Snowflake IPO: Prepare for Lockup Ending March 5, 2021

 In Snowflake, Equity comp

The Snowflake IPO is the largest software IPO ever. After pricing its IPO at $120, the stock price has surged. You may have sold 25% of your shares during the December window. Another important date approaches: on March 5, 2021, you will be able to sell all of your SNOW shares.

What You Can Sell on March 5, 2021

You’ll be able to sell 100% of the following:

  1. Vested stock options
  2. Shares acquired from exercising stock options

Vested Stock Options

If you joined Snowflake pre-IPO, you received Incentive Stock Options (ISOs) when you were hired. And you may have received subsequent “refresher” grants.

Stock options are either “vested” or “unvested / outstanding.” Each ISO grant’s vesting schedule defines how much time must elapse before you’re allowed to exercise. Once the required amount of time has elapsed, a pre-defined number options are vested, and you can then exercise (buy) these vested options at a fixed price (strike price).

You can further categorize vested stock options as either:

  1. Exercisable, or
  2. Options exercised (refer to the next section, “Shares Acquired From Exercising Stock Options”)

Snowflake employees can exercise vested options during the lockup period. But you can’t sell the resulting shares until the lockup expires.

Stock options: the right to buy stock for a fixed priced during a fixed period of time


Types of Vesting Schedules

The most common vesting schedule for new hire grants is four years. 25% vests after one full year, and the remaining 75% vests every month or quarter thereafter.

But your refresher grants likely follows a different vesting schedule. The refresher grant may start vesting immediately. The frequency may be monthly or quarterly. Other grants may have vesting schedules contingent on attaining a specific number of service years at Snowflake, and then vest over two years.

Log into Fidelity to see which vesting schedule applies per grant.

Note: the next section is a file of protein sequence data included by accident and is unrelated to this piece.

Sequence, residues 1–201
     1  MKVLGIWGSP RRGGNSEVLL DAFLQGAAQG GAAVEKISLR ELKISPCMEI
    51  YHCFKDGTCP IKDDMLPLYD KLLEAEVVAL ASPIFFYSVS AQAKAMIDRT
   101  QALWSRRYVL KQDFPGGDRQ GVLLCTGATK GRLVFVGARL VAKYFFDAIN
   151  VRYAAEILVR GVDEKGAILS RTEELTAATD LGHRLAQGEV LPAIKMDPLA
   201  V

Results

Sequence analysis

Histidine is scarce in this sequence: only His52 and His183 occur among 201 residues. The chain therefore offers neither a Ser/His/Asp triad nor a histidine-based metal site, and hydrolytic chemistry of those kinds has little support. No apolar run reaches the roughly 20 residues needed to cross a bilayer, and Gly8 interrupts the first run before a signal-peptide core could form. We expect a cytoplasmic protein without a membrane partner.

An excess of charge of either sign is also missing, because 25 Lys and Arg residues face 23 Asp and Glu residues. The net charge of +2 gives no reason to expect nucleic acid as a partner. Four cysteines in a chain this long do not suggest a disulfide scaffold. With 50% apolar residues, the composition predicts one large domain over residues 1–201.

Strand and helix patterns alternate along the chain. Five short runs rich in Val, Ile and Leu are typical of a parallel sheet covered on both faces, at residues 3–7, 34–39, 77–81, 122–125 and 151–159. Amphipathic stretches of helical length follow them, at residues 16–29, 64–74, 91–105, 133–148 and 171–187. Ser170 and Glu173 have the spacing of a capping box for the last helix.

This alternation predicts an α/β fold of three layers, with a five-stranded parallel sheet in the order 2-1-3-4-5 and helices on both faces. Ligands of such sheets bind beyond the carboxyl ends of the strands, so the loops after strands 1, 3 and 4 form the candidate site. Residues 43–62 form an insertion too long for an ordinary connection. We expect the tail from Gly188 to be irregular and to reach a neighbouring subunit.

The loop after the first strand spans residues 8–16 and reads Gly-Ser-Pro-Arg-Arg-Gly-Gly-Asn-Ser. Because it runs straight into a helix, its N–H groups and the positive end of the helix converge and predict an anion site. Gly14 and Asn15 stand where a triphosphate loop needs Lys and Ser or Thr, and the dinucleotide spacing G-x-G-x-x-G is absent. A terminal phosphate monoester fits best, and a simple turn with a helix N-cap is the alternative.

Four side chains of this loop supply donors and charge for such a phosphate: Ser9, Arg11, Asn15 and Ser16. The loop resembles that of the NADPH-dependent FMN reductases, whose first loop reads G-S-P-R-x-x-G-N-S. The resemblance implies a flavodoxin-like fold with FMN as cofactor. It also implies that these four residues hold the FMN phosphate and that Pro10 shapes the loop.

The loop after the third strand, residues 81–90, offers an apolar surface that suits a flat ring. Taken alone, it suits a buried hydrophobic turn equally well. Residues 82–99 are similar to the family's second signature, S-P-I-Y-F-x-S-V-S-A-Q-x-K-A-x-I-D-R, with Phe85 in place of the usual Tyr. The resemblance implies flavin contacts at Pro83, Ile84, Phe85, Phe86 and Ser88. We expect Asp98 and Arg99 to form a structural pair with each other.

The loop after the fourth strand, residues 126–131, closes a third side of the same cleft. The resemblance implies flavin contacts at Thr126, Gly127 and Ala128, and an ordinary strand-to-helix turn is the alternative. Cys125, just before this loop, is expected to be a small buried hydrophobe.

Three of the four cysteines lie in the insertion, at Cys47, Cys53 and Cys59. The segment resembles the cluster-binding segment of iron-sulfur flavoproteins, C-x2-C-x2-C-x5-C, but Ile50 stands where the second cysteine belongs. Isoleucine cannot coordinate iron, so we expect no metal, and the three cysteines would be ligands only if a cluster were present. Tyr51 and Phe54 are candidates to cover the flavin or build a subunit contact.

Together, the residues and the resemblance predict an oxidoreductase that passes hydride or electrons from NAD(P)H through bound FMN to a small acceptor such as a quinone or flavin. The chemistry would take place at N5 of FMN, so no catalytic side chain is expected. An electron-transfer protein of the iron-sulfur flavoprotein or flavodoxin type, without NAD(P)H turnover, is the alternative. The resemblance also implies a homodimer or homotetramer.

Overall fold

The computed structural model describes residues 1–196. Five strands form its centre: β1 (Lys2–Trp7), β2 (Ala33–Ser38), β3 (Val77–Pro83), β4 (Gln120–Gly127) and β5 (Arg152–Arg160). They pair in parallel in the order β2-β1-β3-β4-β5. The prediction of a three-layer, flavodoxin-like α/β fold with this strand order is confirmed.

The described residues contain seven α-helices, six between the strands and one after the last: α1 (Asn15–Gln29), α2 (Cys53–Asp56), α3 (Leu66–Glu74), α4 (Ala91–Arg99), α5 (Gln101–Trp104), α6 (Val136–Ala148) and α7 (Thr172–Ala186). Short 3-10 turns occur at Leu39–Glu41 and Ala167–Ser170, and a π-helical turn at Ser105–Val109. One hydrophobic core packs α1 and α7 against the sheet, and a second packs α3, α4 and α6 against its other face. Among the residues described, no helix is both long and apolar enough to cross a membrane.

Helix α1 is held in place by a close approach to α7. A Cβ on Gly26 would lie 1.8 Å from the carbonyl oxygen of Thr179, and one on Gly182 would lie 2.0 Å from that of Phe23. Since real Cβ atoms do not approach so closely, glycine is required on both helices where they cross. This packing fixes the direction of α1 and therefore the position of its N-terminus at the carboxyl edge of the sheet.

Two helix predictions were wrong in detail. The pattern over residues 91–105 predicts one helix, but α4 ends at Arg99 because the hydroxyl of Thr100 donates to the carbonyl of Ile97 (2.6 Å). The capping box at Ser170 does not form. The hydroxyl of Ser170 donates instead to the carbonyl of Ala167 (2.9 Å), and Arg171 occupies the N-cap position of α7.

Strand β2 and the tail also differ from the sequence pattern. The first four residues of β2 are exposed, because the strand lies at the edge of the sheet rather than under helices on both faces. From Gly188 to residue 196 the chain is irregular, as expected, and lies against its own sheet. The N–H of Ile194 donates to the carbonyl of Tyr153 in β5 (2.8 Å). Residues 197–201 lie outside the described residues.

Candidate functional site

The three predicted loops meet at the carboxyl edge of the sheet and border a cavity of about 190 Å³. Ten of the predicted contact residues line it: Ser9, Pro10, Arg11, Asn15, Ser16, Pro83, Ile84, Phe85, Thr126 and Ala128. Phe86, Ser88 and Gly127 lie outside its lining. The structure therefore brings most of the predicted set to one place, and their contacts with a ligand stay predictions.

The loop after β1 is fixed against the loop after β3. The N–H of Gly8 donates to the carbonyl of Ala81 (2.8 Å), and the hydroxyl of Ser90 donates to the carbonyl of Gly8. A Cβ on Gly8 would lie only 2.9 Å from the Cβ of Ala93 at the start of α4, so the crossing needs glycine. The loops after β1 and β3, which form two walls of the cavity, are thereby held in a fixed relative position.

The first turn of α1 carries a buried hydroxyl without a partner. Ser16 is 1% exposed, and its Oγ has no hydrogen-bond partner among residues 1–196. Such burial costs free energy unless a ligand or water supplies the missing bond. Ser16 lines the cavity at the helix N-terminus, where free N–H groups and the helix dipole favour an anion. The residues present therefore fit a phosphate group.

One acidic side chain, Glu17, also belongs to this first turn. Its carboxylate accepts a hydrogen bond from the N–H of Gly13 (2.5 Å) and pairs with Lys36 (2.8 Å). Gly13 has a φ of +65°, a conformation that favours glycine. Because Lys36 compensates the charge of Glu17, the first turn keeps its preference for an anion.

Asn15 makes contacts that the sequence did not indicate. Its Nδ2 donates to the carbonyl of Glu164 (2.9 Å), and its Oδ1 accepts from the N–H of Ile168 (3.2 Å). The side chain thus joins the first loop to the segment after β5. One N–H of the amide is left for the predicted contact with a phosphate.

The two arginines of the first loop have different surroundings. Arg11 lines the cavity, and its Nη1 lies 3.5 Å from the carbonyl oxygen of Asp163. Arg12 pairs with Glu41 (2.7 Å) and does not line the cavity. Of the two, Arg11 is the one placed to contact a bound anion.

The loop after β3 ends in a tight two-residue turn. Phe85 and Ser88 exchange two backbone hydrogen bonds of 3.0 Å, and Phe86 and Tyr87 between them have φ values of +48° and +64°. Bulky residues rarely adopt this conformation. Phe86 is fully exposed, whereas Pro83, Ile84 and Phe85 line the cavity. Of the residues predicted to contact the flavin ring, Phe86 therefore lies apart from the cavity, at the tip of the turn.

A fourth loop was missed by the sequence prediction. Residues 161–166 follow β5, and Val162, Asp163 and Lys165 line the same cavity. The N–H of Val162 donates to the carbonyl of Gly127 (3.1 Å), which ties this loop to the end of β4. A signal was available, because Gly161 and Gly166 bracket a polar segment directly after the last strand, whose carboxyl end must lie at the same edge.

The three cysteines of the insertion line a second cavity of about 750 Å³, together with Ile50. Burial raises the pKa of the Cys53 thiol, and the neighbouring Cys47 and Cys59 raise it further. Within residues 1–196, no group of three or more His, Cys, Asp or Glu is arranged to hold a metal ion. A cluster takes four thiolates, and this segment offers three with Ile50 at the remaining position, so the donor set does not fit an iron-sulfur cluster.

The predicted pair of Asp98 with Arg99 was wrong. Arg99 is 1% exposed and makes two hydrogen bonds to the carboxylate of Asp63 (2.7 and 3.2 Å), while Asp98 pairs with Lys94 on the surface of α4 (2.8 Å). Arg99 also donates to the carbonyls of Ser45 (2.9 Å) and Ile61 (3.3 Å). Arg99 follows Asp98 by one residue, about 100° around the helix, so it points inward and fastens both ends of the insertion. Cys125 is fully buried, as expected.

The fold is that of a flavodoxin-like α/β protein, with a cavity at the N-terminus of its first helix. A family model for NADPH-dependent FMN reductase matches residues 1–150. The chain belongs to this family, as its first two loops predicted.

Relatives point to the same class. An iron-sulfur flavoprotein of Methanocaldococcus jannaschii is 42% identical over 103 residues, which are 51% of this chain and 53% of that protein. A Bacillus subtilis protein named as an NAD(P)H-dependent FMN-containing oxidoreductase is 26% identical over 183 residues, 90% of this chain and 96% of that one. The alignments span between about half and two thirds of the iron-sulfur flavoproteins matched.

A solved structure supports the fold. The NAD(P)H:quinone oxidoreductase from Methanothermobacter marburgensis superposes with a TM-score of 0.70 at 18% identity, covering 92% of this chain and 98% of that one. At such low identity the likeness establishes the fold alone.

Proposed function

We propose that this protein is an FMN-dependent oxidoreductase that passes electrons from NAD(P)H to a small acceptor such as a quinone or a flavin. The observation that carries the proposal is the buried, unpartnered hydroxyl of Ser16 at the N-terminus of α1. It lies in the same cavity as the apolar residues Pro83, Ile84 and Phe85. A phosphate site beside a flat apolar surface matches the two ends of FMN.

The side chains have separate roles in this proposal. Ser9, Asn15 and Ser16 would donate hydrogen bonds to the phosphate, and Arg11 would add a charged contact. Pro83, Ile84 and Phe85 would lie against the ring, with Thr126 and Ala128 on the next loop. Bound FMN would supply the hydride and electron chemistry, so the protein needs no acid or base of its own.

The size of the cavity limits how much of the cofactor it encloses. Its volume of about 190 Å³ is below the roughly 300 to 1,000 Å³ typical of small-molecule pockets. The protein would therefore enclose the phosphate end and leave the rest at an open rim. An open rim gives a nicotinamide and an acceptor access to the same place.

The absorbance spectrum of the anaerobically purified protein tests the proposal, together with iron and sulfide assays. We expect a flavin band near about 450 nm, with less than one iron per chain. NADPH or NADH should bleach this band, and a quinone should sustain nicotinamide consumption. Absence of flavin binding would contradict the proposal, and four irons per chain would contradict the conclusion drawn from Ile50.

Shares Acquired From Exercising Stock Options

If you’ve already exercised your ISOs, your purchase price (strike price) was based on the company’s 409A valuation on the grant date. The 409A valuation, also known as the Fair Market Value (FMV), represented the “stock price” of Snowflake when it was a private company.

If you exercised some of your ISOs while Snowflake was still private, your Fidelity statement will show shares (“Common” Shares) acquired from the ISO exercises.

Note: new hires at Snowflake are likely only receiving Restricted Stock Units (RSUs). Stock options are rarely granted by public companies.

Watch Out for Taxes

AMT: Alternative Minimum Tax

A potential landmine for ISOs is AMT. The Alternative Minimum Tax (AMT) rules are complicated. In a nutshell, you must calculate your tax bill based on:

  1. The regular rules, and
  2. AMT’s special rules

Each year, you must pay either your regular tax liability or your AMT liability, whichever is greater. Whether you have a CPA or use TurboTax, the tax return is running both calculations every year.

If you exercise ISOs in 2021 and keep the shares past 12/31/2021, the spread (stock price on the day of exercise minus the strike price) isn’t subject to regular income taxes, but it counts as income under the AMT system. This may push you into AMT territory.

If you previously exercised ISOs and sell those shares at a significant long-term capital gain, this may also push you into AMT territory.

At the very least, speak with a tax professional ASAP to run a tax projection.

Paying for Taxes Due April 15, 2021

If you’re worried that your 2020 tax return will lead to a large tax bill, and you don’t have a lot of cash, rest assured. You can raise cash by selling shares in March 2021 when the lockup expires.

When it comes to complicated tax situations like stock options and selling significant amounts of stock, calling in a financial professional is a wise move.

Note: filing for a tax extension only delays the filing due date of your tax return. The payment due date is always April 15th.

Decide What to do With the Stock Options and Shares

You must make three decisions with your stock options:

  1. When to exercise the stock options, and
  2. Whether to hold or sell the resulting Snowflake stock